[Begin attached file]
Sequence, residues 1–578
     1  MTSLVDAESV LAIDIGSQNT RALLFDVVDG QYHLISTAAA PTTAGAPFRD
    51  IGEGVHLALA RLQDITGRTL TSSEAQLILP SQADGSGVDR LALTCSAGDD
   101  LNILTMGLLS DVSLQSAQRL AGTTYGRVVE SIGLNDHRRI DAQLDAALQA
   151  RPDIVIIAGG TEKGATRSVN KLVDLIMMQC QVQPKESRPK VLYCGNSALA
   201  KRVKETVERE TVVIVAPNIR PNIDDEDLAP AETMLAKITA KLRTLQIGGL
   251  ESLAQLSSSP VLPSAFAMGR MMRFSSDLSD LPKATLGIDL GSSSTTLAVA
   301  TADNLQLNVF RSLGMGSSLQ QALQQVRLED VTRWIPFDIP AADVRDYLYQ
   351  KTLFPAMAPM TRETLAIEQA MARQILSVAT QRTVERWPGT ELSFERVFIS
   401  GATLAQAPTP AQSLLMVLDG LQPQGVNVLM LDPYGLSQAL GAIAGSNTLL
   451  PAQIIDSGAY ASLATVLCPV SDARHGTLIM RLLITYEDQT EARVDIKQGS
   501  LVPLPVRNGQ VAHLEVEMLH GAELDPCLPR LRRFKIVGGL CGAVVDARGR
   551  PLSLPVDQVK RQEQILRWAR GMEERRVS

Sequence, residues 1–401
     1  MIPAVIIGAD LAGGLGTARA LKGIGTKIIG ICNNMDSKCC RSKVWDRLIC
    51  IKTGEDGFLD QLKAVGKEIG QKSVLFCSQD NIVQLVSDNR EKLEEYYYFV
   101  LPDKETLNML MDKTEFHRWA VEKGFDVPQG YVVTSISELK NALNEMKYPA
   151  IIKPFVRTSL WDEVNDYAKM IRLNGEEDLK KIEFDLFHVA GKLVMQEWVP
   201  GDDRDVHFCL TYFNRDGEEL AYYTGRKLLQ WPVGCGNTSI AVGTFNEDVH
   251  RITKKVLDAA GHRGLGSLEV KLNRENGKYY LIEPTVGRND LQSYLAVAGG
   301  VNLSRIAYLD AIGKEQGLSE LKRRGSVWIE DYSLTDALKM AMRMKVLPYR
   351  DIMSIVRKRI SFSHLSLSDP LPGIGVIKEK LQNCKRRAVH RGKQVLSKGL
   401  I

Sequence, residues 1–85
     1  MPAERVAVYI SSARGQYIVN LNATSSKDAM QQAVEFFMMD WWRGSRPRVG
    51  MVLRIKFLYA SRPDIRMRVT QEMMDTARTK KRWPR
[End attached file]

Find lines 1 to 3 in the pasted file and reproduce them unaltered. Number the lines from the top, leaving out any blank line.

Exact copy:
Sequence, residues 1–578
     1  MTSLVDAESV LAIDIGSQNT RALLFDVVDG QYHLISTAAA PTTAGAPFRD
    51  IGEGVHLALA RLQDITGRTL TSSEAQLILP SQADGSGVDR LALTCSAGDD